Health Emergencies.

If you have an emergency, you have the right to walk into any emergency room and seek attention. Services provided at the emergency or through emergency are paid by the service provider, it means that asylum seekers do not have to pay.

You can also call 112 for an ambulance in case of emergency.


As an asylum seeker, you do not have a kennitala (Icelandic social security number) and without kennitala it is not possible to make an employment contract in Iceland. Iceland has a strict regulation and control over the employment and workers´ rights. If you do not have a kennitala, you are in a vulnerable position, and the law bans the companies to employ you as a measure of your protection, preventing underpaid labor and exploitation.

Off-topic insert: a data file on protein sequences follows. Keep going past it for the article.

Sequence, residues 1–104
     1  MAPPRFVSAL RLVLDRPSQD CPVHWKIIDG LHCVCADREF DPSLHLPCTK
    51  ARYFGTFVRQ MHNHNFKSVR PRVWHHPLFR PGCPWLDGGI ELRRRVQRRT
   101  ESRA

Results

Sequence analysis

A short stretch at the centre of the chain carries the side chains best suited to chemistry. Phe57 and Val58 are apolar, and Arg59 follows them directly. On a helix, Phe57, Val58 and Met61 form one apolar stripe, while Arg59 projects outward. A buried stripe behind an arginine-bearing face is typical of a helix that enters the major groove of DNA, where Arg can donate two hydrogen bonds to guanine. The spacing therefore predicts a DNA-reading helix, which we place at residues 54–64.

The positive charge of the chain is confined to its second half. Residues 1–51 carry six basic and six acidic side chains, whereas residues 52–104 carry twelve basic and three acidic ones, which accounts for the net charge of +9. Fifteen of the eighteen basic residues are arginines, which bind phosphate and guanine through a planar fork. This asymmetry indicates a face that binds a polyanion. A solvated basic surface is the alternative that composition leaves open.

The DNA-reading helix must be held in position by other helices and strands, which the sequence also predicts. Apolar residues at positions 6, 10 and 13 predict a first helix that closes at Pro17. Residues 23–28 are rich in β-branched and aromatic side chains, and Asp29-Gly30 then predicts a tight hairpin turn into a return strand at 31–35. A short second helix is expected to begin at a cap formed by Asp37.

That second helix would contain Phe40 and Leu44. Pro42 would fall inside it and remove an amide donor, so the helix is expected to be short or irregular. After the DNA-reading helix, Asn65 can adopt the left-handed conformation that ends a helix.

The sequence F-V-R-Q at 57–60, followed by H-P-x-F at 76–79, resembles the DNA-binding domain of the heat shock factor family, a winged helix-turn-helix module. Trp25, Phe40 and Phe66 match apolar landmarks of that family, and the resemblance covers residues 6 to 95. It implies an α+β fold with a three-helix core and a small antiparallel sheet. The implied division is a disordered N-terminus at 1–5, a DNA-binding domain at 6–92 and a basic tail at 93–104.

During the asylum process it is possible to apply for temporary kennitala / temporary work permit with the Directorate of Immigration ("UTL"). The application must be filled by the employer and, you or the employer will have to pay health insurance as well as other taxes. Note that having the temporary work permit will not be considered in your asylum case – working here is not something the UTL (authority that decides on your asylum claim) will consider as their only concern is the legitimacy of your claim for protection in Iceland. However, if your asylum claim is rejected (after appeal, second degree and final decision), your temporary kennitala will cease to be valid and you will still have to leave the country.

Legal aid